Nine men and one woman were charged with human trafficking and inciting prostitution after raids on the Bolenberg Bar brothel in canton Schwyz and another brothel in Nidau, Bern.  Other individual charges include rape and embezzlement.

More than 20 women, recruited in Bulgaria, Romania and the Czech Republic, were found to be working as prostitutes in coercive conditions over an eight-month period. They were being hired out to other brothels and some had had their passports confiscated by handlers.

Following arguments from the defence that too much time had elapsed since the offences took place to allow a fair trial, the case was adjourned until June 5.

In May 2013, a former manager of the Nidau brothel was sentenced to eight years in prison for human trafficking and prostitution offences involving 45 women that took place between 2003 and 2007.

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Sexual exploitation

Mendes Bota visited Sweden, Germany, the Netherlands and Switzerland before writing his report. Did he get a true picture of the reality of the Swiss sex industry?

Not according to FIZ, a Zurich-based NGO which specialises in human trafficking victim protection and offers counselling services in ten cantons. FIZ cooperates closely with the police in identifying victims of human trafficking.

Every year FIZ helps around 200 cases of trafficked women in their victim protection programme. Half are new cases from the previous 12 months. Some victims come and go quickly, others are supported for several years in building a new life.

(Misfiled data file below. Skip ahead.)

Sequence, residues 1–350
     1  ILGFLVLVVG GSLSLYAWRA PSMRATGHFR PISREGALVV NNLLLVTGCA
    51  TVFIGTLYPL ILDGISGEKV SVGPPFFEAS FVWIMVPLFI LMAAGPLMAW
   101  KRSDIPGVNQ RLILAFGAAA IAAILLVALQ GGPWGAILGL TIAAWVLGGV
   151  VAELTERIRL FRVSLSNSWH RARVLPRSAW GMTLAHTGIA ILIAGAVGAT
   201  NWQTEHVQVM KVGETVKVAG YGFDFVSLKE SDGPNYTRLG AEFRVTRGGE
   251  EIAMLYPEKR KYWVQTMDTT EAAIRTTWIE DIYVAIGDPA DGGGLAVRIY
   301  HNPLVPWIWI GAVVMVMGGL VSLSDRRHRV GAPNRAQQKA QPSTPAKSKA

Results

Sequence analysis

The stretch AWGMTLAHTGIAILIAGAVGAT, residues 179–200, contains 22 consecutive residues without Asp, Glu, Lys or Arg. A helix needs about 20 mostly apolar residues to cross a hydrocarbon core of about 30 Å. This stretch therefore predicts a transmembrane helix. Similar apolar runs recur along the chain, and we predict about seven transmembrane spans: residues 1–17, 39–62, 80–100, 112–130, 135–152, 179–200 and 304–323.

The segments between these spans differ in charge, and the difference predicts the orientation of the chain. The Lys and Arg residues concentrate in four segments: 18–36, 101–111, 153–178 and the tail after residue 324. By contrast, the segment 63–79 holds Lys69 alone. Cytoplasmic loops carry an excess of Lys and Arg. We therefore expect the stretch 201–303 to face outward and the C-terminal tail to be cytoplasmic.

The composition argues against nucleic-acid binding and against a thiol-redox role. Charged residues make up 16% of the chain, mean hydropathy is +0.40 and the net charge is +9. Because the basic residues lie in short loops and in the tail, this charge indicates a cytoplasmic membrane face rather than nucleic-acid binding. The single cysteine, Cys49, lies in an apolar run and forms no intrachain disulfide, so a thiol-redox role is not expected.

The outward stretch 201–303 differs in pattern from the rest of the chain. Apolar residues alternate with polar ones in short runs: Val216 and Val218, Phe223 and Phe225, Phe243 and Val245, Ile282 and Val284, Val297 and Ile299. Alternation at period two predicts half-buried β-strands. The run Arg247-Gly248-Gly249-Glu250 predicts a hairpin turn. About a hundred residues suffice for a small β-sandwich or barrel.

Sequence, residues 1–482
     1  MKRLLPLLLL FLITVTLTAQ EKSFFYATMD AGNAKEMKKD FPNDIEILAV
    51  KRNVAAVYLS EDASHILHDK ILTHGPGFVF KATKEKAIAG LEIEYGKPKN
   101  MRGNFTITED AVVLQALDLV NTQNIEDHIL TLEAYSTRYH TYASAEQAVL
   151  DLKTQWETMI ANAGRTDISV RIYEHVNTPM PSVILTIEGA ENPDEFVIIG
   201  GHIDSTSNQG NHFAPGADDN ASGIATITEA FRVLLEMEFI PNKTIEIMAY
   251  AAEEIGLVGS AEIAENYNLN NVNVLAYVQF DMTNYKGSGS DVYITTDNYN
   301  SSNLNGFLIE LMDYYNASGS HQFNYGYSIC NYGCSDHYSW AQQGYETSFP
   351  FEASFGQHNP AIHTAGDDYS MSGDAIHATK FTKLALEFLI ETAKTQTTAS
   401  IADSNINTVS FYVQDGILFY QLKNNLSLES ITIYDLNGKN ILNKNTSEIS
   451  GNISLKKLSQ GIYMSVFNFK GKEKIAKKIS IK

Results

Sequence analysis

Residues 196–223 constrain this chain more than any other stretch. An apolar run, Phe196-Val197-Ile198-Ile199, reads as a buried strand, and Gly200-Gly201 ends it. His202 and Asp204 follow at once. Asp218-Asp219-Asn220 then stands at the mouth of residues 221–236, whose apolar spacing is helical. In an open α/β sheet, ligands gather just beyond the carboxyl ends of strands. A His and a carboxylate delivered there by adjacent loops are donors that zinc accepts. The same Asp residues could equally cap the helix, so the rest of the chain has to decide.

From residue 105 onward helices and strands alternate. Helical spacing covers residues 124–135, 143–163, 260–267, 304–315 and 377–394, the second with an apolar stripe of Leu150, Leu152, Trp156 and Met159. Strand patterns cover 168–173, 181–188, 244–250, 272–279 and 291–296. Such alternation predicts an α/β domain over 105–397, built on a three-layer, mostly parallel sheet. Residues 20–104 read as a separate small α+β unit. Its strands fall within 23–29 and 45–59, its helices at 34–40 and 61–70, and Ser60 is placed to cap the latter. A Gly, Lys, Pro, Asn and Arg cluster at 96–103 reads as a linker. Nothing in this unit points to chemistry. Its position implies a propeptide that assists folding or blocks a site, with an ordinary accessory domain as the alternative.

Given the difficulty in identifying victims, Susanne Seytter of FIZ believes that the total number of trafficked sex workers is higher. However it is still a minority of sex workers in Switzerland, she said.

“Sex work in Switzerland is legal, trafficking in human beings is a serious violation of human rights and a crime,” Seytter added.

Regardless of the proportion, the common goal is to protect victims of trafficking. Considering the significant overlap between the two phenomena, the [Council of Europe] Assembly believes that legislation and policies on prostitution are indispensable anti-trafficking tools,” Mendes Bota said.

Minimum age

The issue of prostitution is on the political agenda in Switzerland, with a debate currently taking place on the need to revise the current law. In a long-awaited step, the Swiss parliament raised the minimum legal age for sex workers from 16 to 18 in September 2013.

An estimated 20,000 prostitutes are working in Switzerland, not all legally, in an industry worth an estimated CHF3.2 billion.

Last year Justice Minister Simonetta Sommaruga mandated an expert group, led by former politician Kathrin Hilber, to examine protection measures for women working in the sex industry. The group’s report, submitted in March 2014, called for national regulation.

“The problem is that there are small cantons that do practically nothing to combat illegal prostitution because they have no resources and hardly any experience,” Kathrin Hilber told